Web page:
By Ivan Krasovs’kii
In the XVII century the situation was a difficult for peasants in Western Ukrainian lands. Compulsory service for a landlord lasted 5-6 days per week, and moreover, peasants were obliged to carry out different duties and construction and repair work. Noble estates and royal lands in Lemkivshchyna demanded that the inhabitants pay for the grazing of cattle except during the period that they were fulfilling their compulsory service.
German colonists received an allotment of land and forest in Lemkivshchyna for a trifle and they built their enterprises and houses here and brutally oppressed the local population.
Some separate villages were often sold to owners. Thus, in 1536 the village of Doshno [Deszno] was sold to Konstyantyn Hlodyns’kyy for 200 gold coins. He had the right to stock a pond and to catch fish. The new owner of the village was granted the right to receive one third of the money from court cases and a sixth of the proceeds from taxes. Peasants had to give their landlord four kirks of rye and oats from each field as well as paying taxes and cultivating the landlord’s field for nothing. The landlord had the right to punish people for their disobedience.
This economic oppression was coupled with religious and national oppression. Landowners, Polish nobility and priests tried to Polonize the Ukrainian people. In the charter granting ownership of Dyniv [Dynów] to K. Vapovs’ka in 1592, there was a requirement that all Orthodox Churches be converted to Roman Catholic Churches. It was further stated that “the priests proposed by us (Polish nobility – I.K.) must beforehand return the Rus’ (Ukrainians) to the holy Roman Church.”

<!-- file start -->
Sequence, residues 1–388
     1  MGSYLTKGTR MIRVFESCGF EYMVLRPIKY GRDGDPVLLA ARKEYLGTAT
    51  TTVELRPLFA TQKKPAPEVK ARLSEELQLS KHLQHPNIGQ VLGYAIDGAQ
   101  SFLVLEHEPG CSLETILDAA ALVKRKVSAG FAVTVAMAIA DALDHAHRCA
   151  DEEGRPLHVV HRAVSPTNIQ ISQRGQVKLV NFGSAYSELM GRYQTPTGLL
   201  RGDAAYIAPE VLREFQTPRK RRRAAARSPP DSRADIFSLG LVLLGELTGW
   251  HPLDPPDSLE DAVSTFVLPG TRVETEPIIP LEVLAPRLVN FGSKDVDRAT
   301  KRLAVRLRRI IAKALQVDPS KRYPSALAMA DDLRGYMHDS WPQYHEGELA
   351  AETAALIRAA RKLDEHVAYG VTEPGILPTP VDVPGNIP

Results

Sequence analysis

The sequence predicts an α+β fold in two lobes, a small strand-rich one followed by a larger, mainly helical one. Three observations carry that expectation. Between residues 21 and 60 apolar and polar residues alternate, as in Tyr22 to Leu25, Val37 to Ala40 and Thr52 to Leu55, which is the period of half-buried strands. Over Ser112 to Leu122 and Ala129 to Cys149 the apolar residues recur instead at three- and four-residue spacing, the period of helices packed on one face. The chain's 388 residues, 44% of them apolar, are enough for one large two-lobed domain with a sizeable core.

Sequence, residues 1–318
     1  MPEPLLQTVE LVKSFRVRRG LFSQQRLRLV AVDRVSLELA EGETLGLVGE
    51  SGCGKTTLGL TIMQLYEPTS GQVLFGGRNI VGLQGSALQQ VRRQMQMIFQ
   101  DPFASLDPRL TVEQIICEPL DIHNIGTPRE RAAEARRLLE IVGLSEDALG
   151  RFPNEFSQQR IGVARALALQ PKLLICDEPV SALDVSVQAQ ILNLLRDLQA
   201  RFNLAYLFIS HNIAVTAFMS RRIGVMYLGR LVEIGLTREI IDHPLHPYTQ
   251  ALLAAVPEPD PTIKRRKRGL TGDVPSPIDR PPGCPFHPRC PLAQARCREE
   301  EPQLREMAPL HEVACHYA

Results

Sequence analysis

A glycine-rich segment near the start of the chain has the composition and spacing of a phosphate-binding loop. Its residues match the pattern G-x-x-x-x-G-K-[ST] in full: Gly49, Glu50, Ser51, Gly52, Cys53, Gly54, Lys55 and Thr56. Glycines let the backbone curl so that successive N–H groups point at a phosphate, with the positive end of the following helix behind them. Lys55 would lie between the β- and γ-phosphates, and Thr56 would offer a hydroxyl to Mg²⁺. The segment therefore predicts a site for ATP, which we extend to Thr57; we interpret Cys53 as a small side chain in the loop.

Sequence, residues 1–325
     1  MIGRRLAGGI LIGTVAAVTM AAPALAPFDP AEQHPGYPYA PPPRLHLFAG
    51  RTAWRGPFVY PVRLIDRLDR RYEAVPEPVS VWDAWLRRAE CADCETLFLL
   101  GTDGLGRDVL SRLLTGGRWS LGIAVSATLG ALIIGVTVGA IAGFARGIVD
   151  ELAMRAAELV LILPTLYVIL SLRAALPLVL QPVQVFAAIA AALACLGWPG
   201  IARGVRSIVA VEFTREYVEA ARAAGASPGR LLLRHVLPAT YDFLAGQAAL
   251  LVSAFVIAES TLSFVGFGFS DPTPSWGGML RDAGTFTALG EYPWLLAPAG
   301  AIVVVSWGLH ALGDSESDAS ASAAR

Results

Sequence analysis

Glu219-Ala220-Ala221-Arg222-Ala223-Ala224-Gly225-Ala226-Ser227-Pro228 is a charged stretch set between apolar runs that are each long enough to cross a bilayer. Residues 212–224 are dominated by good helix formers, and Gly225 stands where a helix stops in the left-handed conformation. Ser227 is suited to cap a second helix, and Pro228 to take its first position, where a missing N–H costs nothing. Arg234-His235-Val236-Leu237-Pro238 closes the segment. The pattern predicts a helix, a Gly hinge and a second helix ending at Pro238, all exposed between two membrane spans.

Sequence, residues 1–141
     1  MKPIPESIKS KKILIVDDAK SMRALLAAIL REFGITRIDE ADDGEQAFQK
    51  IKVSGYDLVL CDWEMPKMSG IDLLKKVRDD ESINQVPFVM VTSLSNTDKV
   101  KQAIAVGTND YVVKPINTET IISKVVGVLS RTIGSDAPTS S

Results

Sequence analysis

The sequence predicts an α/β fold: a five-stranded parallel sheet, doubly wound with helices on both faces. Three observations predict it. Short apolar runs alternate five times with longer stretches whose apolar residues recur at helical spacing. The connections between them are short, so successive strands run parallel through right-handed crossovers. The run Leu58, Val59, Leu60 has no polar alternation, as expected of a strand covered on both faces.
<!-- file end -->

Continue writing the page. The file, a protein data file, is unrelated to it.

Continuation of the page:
The majority of the Ukrainian villages in Lemkivshchyna were transferred to the possession of Krakow bishops who forced Ukrainians to go to Roman Catholic churches. Bishop M. Shyshkovs’kyy in his charter of 1626 prohibited the building of Eastern Rite churches in the territory of Mushyna [Muszyna], and Mushyna was Latinized by force. By the order of Bishop Zadzik in 1636, an Eastern-Rite church in Tylicz was shut down; later it was pulled down. The materials were delivered to Mushyna to construct a Roman Catholic Church.
Mass protests started and gradually turned into the great war against the Polish nobility for the liberation of the Ukrainian people under the leadership of Bohdan Khmelnyts’kyy. Not only Ukrainian peasants, but also Polish peasants in Subcarpathia responded positively to the war and were sympathetic to it. There was a common interest between the Ukrainian and Polish peasantry which united them in the struggle against the Polish nobility.
A mass of peasants ran to the hills, formed groups, hid in deep inaccessible caves and attacked the manors of the noblemen. Others refused to carry out their obligations to landowners.
They then organised groups of partisans who were called “Zbiynyky” in Lemkivshchyna. They were loved by the people, who praised their defenders in songs and legends. Lemkos still remember Tserhova Hill, “Zbiynyts’ka cave” near Perehrymka [Pielgrzymka], the caves above the Dunayets’ [Dunajec] River and other places where the Lemko rebels stayed.
The core of the partisans was made up of the popular masses, as they gathered unto themselves the poor villagers, hirelings, and shepherds, whose situation was the most distressful. At the head of these partisans was an otaman – a very strong-willed and brave person. A band of Zbiynyky consisted of hundreds of strong young men. The activities of these folk Zbiynyky in Lemkivshchyna frightened the landowners whose lives and properties were constantly endangered.
Frightened by the rise of the peasant movement in Lemkivshchyna, the Polish nobility commenced a fight against the rebels and cruelly dealt with them. Thus, in May, 1614, a group of Zbiynyky was executed near Viche [Biczyce?]. The government of noble Poland ordered that all the roads and crossings in Subcarpathia leading in the direction of Hungary, where people formed groups and rose in rebellion very often, be closed and controlled.